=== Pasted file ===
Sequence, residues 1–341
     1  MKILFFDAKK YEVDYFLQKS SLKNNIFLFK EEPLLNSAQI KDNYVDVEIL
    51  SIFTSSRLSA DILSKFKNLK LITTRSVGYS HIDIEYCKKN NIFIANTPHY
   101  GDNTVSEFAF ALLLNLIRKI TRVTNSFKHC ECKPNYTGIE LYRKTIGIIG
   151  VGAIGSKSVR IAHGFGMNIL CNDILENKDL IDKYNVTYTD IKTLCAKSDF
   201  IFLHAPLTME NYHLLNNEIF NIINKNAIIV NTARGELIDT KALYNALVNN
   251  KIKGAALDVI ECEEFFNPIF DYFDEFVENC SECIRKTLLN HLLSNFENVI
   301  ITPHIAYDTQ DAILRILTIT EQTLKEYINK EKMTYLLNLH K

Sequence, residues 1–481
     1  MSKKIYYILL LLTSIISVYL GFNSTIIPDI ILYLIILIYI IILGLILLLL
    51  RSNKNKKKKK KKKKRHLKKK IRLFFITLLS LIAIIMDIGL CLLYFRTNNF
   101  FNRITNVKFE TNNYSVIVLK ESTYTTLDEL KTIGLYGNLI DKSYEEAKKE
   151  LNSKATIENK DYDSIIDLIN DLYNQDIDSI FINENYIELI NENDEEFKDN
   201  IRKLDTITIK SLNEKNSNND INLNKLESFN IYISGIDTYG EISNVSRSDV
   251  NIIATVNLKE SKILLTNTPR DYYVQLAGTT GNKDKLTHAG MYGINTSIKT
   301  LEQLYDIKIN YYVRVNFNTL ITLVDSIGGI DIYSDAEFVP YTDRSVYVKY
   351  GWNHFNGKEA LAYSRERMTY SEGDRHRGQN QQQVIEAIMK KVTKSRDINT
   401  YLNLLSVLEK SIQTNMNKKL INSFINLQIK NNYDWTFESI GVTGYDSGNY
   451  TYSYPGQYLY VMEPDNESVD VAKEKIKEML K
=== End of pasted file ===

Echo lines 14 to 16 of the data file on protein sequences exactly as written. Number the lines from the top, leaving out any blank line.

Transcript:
   201  IRKLDTITIK SLNEKNSNND INLNKLESFN IYISGIDTYG EISNVSRSDV
   251  NIIATVNLKE SKILLTNTPR DYYVQLAGTT GNKDKLTHAG MYGINTSIKT
   301  LEQLYDIKIN YYVRVNFNTL ITLVDSIGGI DIYSDAEFVP YTDRSVYVKY